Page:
A novel serine phosphorylation site detected in the n-terminal domain of estrogen receptor isolated from human breast cancer cells

  • David J. Britton
  • Gary K. Scott
  • Birgit Schilling
  • Christian Atsriku
  • Jason M. Held
  • Bradford W. Gibson
  • Christopher C. Benz
  • Michael A. Baldwin
Articles

Abstract

Activated estrogen receptor (ERα) plays a critical role in breast cancer development and is a major target for drug treatment. Serine phosphorylation within the N-terminal domain (NTD) contributes to ERα activation and may also cause drug resistance. Previous biochemical identification of phosphorylated ERα residues was limited to protein artificially overexpressed in transfected cell lines. We report mass spectrometric methods that have allowed the identification of a new site within the NTD of ERα isolated from cultured human breast cancer cells. Immunoprecipitation, trypsin digestion, and analysis by nano-LC-ESI-MS/MS (Q-STAR, MDS Sciex) and vMALDI-MS n (Finnigan™ LTQ™, Thermo-Electron) identified peptides containing 8 of 14 serine residues within the NTD, one being partially phosphorylated Ser-167, known but not previously reported by MS. Chymotrypsin digestion revealed other known sites at Ser-102/104/106 and 118. Tandem methods developed for the peptide containing Ser-118 and the use of hypothesis-driven experiments—i.e., the assumption that an intact phosphopeptide showing no molecular ion might yield fragment ions including loss of phosphoric acid in vMALDI-MS/MS—allowed the identification of a novel site at Ser-154. Quantitation by selected reaction monitoring demonstrated 6-fold and 2.5-fold increases in Ser-154 phosphorylation in estradiol- and EGF-treated cells, respectively, compared to controls, confirmed by immunoblotting with a novel rabbit polyclonal antibody. Thus, the protein isolation and MS strategies described here can facilitate discovery of novel phosphorylation sites within low abundance, clinically important cancer targets like ERα, and may thereby contribute to our understanding of the role of phosphorylation in the development of breast cancer.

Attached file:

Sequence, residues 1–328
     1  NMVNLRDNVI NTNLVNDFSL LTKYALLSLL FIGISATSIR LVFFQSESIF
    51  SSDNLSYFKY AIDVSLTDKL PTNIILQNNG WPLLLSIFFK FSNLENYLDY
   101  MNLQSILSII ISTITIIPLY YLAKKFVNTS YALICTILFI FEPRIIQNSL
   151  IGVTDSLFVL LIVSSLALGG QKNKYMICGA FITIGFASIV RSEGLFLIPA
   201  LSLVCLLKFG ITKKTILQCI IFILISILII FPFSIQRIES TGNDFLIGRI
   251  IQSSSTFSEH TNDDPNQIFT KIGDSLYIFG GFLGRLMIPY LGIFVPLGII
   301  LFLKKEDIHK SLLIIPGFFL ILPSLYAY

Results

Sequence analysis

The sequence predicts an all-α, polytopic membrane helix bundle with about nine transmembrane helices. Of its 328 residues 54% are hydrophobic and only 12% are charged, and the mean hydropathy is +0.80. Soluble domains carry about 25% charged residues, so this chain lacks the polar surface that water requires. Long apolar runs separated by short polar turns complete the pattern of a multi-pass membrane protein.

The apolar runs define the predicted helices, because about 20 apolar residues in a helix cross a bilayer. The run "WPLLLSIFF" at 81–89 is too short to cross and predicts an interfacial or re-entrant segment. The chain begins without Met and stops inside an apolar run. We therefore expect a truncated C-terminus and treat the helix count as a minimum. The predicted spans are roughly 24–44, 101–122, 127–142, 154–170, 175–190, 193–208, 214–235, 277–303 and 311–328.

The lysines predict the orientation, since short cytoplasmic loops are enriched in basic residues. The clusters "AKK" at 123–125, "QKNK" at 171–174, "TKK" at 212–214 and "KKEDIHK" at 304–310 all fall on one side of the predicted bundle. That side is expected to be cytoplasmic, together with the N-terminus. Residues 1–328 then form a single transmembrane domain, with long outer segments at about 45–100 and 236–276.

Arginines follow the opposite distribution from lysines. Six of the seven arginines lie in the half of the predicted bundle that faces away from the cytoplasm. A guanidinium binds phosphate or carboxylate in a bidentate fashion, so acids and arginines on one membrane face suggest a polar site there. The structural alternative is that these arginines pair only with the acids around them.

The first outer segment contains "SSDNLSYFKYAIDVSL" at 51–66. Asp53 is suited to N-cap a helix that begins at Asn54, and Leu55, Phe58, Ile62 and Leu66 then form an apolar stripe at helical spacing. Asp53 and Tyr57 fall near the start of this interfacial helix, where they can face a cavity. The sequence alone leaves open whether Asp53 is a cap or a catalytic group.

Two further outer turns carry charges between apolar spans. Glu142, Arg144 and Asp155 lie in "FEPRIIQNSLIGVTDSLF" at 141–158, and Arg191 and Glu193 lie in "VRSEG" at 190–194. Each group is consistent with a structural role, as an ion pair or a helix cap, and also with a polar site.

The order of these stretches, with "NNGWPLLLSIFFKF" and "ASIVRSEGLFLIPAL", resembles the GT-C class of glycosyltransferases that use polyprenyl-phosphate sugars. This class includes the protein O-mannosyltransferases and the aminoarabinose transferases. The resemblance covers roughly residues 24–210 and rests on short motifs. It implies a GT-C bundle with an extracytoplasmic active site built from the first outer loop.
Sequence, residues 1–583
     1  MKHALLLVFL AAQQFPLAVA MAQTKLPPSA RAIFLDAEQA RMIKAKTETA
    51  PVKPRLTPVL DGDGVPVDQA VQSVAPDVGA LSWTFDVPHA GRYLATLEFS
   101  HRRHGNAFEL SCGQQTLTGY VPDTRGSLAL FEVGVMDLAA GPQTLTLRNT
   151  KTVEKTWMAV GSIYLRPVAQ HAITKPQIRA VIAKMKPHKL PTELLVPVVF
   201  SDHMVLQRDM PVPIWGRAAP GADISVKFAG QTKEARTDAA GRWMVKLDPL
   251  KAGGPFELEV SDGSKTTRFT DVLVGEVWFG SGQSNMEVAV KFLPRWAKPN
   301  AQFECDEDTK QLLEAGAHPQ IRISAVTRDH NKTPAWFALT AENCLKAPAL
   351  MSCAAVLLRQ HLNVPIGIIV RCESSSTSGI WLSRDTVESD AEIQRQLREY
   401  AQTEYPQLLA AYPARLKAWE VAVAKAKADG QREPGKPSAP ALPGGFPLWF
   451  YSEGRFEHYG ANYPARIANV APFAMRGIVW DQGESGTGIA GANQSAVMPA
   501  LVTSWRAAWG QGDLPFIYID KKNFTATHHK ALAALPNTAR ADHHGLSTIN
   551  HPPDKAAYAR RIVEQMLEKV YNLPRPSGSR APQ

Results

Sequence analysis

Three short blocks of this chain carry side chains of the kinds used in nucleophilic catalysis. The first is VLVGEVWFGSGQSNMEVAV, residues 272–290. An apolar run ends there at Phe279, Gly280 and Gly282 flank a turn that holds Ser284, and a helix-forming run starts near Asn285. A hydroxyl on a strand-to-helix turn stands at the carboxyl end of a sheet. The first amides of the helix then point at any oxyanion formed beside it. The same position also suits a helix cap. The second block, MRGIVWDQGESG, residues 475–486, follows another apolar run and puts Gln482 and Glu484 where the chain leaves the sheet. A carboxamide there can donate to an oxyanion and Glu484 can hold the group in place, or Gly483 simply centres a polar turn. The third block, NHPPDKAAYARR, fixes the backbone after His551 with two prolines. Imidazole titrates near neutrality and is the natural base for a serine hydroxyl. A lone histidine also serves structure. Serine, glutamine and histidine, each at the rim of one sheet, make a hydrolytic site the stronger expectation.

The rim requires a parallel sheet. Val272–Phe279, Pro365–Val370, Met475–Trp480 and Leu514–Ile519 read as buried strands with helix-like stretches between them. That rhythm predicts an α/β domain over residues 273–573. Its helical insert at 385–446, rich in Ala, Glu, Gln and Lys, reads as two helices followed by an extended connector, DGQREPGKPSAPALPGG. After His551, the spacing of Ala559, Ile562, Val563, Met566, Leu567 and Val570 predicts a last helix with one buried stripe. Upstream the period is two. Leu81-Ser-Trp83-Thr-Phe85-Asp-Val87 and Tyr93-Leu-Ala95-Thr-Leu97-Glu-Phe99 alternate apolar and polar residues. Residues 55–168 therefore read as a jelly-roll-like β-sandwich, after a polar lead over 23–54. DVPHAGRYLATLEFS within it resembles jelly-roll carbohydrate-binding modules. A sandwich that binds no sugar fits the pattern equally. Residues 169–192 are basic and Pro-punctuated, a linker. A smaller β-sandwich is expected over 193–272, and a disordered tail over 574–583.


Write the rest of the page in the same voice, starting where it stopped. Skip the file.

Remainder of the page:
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Copyright information

© American Society for Mass Spectrometry 2008

Authors and Affiliations

  • David J. Britton
    • 1
  • Gary K. Scott
    • 1
  • Birgit Schilling
    • 1
  • Christian Atsriku
    • 1
  • Jason M. Held
    • 1
  • Bradford W. Gibson
    • 1
    • 2
  • Christopher C. Benz
    • 1
    • 3
  • Michael A. Baldwin
    • 1
    • 2
  1. 1.Buck Institute for Age ResearchNovatoUSA
  2. 2.Department of Pharmaceutical ChemistryUniversity of CaliforniaSan FranciscoUSA
  3. 3.Comprehensive Cancer Center and Division of Oncology-HematologyUniversity of CaliforniaSan FranciscoUSA

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